Hunter McIntyre isn’t built like a typical endurance athlete or obstacle racer. At 6′ 2″ and a few steak dinners shy of 200 pounds, he bucks the typical slender, distance runner build. In fact, you might even recognize those famous abs, bis, and tris from his time as a male model, during which he worked for big brands like J.Crew and Abercrombie & Fitch.
But Hunter’s modeling days are behind him. He’s now a professional OCR (obstacle course racing) athlete, and his life revolves around crushing Tough Mudder competitions around the country, including grueling events like the 24-hour Toughest Mudder and the short but brutal Tough Mudder X, which he won in 2017 and 2018.
As one of the sport’s top competitors, the Westchester, New York, native is as outspoken as they come, embracing his nickname “The Sheriff,” regularly flexing for his tens of thousands of followers on social media, and putting up race results to justify it all.
He’s a man who has found his passion and his sport, approaching both in his own unique way while consuming more honey than a brown bear after hibernation.
Openfit: You were an accomplished wrestler and record-setting cross country runner in school. How did you end up in the world of obstacle racing?
Hunter McIntyre: A friend invited me to do an obstacle race back in 2011. I was a little lost at the time — I wanted to be a Division 1 runner or wrestler, but once I got to college, I just wanted to do sports. I didn’t want to do the school work.
After that first obstacle race, I realized I was pretty gosh darn good at it. I didn’t need to be skinny — I needed to be strong. I could charge as hard as I like to go. My style of athleticism was well-suited to these races.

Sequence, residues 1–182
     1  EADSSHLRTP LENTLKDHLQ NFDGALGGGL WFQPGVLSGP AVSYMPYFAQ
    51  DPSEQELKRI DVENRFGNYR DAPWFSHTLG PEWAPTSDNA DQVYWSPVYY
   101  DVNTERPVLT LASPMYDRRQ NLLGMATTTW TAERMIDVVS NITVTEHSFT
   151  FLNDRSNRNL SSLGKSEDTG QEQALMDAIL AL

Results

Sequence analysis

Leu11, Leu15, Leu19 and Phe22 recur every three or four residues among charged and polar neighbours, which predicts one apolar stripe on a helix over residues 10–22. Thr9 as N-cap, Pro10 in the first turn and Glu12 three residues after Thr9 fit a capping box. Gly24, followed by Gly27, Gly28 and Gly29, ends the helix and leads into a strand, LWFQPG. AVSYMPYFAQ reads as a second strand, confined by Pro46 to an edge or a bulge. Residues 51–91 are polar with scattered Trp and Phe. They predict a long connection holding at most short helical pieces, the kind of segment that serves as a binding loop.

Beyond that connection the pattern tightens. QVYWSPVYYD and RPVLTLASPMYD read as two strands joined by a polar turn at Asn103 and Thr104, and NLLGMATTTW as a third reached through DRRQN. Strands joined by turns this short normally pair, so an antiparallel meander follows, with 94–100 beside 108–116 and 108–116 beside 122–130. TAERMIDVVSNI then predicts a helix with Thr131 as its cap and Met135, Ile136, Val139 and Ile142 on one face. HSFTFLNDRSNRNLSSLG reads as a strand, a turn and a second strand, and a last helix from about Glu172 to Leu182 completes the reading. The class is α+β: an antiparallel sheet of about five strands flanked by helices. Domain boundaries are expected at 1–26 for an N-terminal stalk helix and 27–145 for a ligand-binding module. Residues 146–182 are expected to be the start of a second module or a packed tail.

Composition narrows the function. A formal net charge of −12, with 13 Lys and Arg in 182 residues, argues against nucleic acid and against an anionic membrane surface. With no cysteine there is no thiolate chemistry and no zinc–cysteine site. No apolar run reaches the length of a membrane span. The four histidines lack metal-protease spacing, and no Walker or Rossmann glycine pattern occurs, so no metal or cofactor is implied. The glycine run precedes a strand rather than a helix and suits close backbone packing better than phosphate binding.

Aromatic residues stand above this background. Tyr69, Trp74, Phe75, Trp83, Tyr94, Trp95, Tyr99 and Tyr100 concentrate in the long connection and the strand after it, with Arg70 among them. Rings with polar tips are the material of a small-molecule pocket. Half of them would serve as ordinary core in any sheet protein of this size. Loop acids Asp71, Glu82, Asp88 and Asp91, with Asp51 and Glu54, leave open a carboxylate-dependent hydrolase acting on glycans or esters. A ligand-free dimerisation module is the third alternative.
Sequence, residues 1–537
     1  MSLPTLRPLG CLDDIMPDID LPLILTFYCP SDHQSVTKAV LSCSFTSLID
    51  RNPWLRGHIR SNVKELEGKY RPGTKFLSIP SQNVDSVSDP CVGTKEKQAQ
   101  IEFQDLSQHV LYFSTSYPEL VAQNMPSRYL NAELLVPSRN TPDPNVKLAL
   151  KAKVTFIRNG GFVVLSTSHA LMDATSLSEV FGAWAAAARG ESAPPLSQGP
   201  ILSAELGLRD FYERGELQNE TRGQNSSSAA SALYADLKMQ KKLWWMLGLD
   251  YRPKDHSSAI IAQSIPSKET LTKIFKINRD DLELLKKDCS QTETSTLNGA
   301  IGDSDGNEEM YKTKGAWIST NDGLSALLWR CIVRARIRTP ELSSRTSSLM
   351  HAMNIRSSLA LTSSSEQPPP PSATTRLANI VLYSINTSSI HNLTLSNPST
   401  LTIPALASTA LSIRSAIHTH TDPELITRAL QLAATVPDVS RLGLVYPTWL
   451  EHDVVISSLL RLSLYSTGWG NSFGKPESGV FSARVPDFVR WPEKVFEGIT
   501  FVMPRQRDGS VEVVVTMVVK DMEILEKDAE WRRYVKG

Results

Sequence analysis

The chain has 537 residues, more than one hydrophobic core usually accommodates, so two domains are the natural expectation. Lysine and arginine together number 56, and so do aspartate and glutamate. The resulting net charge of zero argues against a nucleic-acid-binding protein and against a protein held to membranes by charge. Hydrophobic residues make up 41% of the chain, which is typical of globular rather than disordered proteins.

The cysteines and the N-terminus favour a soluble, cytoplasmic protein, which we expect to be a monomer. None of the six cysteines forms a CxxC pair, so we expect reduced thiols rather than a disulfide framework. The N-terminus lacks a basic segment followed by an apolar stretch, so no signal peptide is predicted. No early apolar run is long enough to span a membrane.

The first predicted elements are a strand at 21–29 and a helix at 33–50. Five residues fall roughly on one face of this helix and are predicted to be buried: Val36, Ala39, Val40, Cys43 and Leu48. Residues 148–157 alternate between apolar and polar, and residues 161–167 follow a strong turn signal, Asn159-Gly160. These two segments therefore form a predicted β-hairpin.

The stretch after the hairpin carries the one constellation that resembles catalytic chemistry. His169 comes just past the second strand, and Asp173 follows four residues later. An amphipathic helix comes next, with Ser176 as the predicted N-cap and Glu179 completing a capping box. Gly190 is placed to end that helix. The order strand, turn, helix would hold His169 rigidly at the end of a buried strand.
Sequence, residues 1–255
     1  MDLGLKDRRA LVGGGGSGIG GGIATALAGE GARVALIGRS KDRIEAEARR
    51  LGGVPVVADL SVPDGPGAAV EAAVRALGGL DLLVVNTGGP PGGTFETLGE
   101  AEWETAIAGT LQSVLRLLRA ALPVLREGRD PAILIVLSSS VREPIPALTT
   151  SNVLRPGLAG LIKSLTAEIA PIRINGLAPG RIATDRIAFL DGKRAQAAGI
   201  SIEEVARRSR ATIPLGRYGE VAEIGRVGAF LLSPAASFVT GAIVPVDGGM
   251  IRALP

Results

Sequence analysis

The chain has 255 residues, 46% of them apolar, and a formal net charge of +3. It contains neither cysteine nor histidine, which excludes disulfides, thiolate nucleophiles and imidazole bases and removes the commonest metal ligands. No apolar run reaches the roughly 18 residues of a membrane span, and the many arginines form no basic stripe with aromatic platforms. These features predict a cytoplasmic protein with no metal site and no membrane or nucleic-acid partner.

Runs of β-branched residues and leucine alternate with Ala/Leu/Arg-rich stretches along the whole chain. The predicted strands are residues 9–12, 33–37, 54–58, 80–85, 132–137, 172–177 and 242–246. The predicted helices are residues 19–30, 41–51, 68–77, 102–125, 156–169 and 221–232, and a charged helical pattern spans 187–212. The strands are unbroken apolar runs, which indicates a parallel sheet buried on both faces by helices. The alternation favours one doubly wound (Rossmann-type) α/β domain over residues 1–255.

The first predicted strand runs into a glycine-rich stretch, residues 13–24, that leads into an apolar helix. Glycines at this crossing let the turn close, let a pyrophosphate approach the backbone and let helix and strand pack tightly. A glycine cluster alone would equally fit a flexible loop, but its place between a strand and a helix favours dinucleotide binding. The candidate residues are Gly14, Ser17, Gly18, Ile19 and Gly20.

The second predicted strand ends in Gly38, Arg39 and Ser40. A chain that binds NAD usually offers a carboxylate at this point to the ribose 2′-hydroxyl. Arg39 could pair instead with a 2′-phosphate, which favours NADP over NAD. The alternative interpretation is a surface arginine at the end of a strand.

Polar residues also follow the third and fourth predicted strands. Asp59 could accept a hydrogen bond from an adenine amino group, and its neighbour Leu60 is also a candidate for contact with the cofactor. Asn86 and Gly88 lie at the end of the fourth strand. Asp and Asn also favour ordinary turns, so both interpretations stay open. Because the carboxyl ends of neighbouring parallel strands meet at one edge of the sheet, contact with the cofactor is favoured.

By the time 2012 came around, I had told my parents that I wasn’t going back to school — I was going to focus full-time on racing.
When do you typically start training for a big race?
I usually start preparing about six months out. Then the last three months before a championship, I go somewhere that’s high-altitude, like Park City, Utah.
I minimize the rest of my life down to one or two training partners and two to three workouts a day. Two days a week I’ll do three workouts a day, and five days a week I’ll do two workouts a day. I take one day off.
With that much training, you must be eating a ton. Can you run us through your regular diet?
I usually wake up and have a bowl of cereal with three or four tablespoons of honey on top. I usually have a protein shake and sometimes Greek yogurt with honey or syrup.
Then I’ll go to the gym for an hour and a half or two hours, and the whole time I’ll drink iced tea with a simple carb, like honey. You need hydration and a little bit of fuel. Then, I’ll have another protein shake.
And we’re barely even through your morning.
Then I’ll come home and it’s time for protein pancakes with lots of syrup. For my first real meal of the day, I’ll have a half to a pound of rib eye steak and a couple cups of rice. Before I leave for my second training session, I’ll have more cereal or some soup.